In October 2017, The New York Times expressly endorsed him by reporting: “Mr. Bunkeddeko is running with an aggressive agenda on housing, one that would support the creation of not just vaguely affordable rental apartments, but of routes to ownership for families making between $30,000 and $80,000 a year … in a district that is suffering from one of the most acute housing crises in the country.”
The young politician was also endorsed by big wigs in the Democratic National Committee. While the Jim Owles Liberal Democratic Club was endorsing him in April last year, they said of him, “Adem strongly supports our club’s values, believing that everyone has the right to achieve the American Dream no matter their gender, sexual orientation, race, religion or economic status. With Donald Trump threatening all the progress we’ve made, we need proactive leaders like Adem fighting for social justice in Congress.”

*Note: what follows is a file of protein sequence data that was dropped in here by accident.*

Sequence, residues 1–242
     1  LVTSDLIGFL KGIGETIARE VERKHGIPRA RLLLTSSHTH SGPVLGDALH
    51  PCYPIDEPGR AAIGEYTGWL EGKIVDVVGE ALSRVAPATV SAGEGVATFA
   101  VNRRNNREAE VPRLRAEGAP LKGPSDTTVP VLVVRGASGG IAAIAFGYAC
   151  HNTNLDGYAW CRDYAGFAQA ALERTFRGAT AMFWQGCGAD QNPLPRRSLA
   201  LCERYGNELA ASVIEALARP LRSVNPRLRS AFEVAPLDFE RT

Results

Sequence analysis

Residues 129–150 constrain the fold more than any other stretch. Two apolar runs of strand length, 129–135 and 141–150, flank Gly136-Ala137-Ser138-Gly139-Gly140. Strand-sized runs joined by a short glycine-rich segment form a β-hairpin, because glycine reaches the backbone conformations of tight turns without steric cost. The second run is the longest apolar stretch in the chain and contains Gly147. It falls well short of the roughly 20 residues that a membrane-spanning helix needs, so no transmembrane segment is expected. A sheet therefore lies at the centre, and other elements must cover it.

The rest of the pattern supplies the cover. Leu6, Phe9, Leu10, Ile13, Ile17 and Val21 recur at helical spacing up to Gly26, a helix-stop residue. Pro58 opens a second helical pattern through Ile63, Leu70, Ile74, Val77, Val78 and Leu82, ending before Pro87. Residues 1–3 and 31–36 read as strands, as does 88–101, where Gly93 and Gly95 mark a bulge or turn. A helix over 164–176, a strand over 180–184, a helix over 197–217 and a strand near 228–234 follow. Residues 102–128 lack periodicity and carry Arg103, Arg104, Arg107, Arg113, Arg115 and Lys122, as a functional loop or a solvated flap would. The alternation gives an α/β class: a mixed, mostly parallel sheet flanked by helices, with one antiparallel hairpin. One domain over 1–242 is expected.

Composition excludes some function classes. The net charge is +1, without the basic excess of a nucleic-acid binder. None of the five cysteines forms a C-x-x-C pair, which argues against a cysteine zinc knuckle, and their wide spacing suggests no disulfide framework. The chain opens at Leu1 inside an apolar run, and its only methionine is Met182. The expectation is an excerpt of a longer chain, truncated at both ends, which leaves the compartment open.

But high level endorsements aren’t enough without a compelling campaign in the community. Jumba Mugwanya, a Ugandan who lives in New York and who is a close friend of Bunkeddeko said, “He was able to build a grass-roots campaign with the support of a dedicated team. Having been involved with civic organisations and local leaders in the area for several years as a professional, Bunkeddeko knew the issues of the people.
“It can be argued that Adem was able to provide a compelling vision for change and to draw on voter dissatisfaction with the incumbent Congresswoman. She has held the office for 12 years and she hasn’t done much for the people,” Mugwanya added.